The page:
CumInCAD is a Cumulative Index about publications in Computer Aided Architectural Design
supported by the sibling associations ACADIA, CAADRIA, eCAADe, SIGraDi, ASCAAD and CAAD futures

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Hits 101 to 120 of 244

_id 2467
authors Jockusch, Peter R.A.
year 1992
title How Can We Achieve a Good Building?
source New York: John Wiley & Sons, 1992. pp. 51-65 : ill. includes bibliography
summary This paper is concerned with the reasons and purposes for which we evaluate and predict building performance. The discussion is based on the author's experience, gained through the preparation and evaluation of more than 50 major architectural competitions
keywords An attempt is made to discover for whom and in what respect a building can be considered a 'good building,' by asking the following questions: What can prediction and evaluation of building performance achieve? How well can we assess the performance and value of an existing building within its socio-technical context? For what purposes and with what degree of confidence can the eventual performance of a designed and specified building be predicted? How do these evaluations compare to actual post occupancy performance? To what extent do the roles and motivations of assessors, evaluators, and decision makers affect the value-stating process? prediction, evaluation, performance, building, life cycle, design, architecture
series CADline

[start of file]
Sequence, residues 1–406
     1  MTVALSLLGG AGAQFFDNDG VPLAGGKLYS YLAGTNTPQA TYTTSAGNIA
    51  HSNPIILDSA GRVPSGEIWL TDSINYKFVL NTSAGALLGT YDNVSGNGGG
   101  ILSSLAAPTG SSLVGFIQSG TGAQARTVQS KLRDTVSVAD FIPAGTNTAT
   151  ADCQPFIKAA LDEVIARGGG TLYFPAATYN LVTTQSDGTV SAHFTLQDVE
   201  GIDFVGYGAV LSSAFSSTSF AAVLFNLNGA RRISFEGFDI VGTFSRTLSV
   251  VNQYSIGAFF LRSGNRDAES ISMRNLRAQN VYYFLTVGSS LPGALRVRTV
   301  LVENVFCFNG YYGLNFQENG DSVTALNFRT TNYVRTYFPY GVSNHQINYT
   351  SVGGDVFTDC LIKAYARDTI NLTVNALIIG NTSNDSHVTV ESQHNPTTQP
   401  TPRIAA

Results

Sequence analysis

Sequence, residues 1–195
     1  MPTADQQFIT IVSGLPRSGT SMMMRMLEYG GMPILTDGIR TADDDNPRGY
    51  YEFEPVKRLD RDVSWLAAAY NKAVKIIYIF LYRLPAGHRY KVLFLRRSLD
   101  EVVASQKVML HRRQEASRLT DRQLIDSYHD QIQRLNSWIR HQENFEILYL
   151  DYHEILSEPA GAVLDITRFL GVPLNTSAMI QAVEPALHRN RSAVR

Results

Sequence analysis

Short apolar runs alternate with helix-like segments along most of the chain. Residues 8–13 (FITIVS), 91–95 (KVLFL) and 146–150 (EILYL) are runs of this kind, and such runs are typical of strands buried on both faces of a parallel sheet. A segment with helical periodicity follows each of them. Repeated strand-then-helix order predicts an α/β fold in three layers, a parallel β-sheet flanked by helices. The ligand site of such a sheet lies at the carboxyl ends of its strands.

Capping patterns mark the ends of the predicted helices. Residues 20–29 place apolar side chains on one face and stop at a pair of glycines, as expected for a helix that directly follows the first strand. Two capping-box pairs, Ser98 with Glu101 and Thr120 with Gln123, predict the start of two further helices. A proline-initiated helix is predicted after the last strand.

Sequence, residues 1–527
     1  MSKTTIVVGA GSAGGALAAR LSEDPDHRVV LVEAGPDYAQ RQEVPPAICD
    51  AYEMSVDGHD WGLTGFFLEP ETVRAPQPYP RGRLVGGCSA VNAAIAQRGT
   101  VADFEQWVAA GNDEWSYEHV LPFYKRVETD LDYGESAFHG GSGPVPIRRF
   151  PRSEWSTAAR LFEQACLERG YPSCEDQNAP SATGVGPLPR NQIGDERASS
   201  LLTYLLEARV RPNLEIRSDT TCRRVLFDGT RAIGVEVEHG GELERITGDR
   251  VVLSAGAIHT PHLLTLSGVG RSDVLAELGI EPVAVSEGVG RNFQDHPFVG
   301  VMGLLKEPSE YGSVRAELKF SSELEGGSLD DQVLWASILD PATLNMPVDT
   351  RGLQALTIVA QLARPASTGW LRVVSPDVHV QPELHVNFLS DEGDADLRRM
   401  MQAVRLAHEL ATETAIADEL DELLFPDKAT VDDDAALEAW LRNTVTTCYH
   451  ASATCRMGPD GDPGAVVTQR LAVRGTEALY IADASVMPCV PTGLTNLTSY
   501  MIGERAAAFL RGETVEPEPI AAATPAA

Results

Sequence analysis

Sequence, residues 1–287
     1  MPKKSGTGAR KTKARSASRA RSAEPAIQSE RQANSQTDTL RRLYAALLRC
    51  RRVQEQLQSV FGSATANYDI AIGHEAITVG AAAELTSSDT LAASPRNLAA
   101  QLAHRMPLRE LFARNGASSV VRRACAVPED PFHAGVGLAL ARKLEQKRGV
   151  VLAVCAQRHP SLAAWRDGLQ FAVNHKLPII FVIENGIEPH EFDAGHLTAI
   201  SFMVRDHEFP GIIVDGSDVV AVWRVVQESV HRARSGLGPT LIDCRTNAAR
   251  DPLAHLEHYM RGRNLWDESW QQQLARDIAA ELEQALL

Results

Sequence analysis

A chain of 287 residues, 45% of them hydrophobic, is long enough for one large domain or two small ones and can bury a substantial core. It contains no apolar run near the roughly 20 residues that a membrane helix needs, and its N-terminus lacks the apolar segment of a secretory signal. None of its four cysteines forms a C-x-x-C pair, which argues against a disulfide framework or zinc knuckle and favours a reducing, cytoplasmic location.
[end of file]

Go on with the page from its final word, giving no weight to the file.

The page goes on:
last changed 2003/06/02 11:58

_id cc2f
authors Jog, Bharati
year 1992
title Evaluation of Designs for Energy Performance Using A Knowledge-Based System
source New York: John Wiley & Sons, 1992. pp. 293-304 : ill. includes a bibliography
summary Principles of knowledge-based (or expert) systems have been applied in different knowledge-rich domains such as geology, medicine, and very large scale integrated circuits (VLSI). There have been some efforts to develop expert systems for evaluation and prediction of architectural designs in this decade. This paper presents a prototype system, Energy Expert, which quickly computes the approximate yearly energy performance of a building design, analyzes the energy performance, and gives advice on possible ways of improving the design. These modifications are intended to make the building more energy efficient and help cut down on heating and cooling costs. The system is designed for the schematic design phase of an architectural project. Also discussed briefly is the reasoning behind developing such a system for the schematic design rather than the final design phase
keywords expert systems, energy, evaluation, performance, knowledge base, architecture, reasoning, programming, prediction
series CADline
last changed 1999/02/12 14:08

_id ed4a
authors Kalisperis, Loukas N. and Groninger, Randal L.
year 1992
title Design Philosophy: Implications for Computer Integration in the Practice of Architecture
source Mission - Method - Madness [ACADIA Conference Proceedings / ISBN 1-880250-01-2] 1992, pp. 27-37
summary The growing complexities of modern environments and the socioeconomic pressures to maintain efficient design/build cycles have forced architects to seek new tools and methods to help them manage the processes that have developed as a result of new knowledge in architectural design. This trend has accelerated in the past few decades because of developments in both cognitive and computer sciences. In allied disciplines, the introduction and use of comPuters have significantly improved design practices. Yet at best, in disciplines such as architectural design, computational aids have attained marginal improvements in the design process despite efforts by universities in the professional education of architects.
series ACADIA
email lnk@email.psu.edu
last changed 2003/05/16 17:23

_id e7c8
authors Kalisperis, Loukas N., Steinman, Mitch and Summers, Luis H.
year 1992
title Design Knowledge, Environmental Complexity in Nonorthogonal Space
source New York: John Wiley & Sons, 1992. pp. 273-291 : ill. includes bibliography